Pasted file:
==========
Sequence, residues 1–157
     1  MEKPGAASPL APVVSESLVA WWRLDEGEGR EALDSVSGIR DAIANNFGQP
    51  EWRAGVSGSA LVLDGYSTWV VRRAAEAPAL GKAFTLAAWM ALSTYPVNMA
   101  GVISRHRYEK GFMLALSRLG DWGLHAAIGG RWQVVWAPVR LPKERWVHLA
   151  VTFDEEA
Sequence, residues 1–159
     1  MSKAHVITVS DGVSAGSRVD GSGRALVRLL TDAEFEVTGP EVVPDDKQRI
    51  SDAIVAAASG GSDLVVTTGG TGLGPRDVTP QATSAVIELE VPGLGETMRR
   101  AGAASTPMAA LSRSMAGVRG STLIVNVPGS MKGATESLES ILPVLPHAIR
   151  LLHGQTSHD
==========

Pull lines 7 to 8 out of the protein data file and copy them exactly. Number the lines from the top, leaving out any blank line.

     1  MSKAHVITVS DGVSAGSRVD GSGRALVRLL TDAEFEVTGP EVVPDDKQRI
    51  SDAIVAAASG GSDLVVTTGG TGLGPRDVTP QATSAVIELE VPGLGETMRR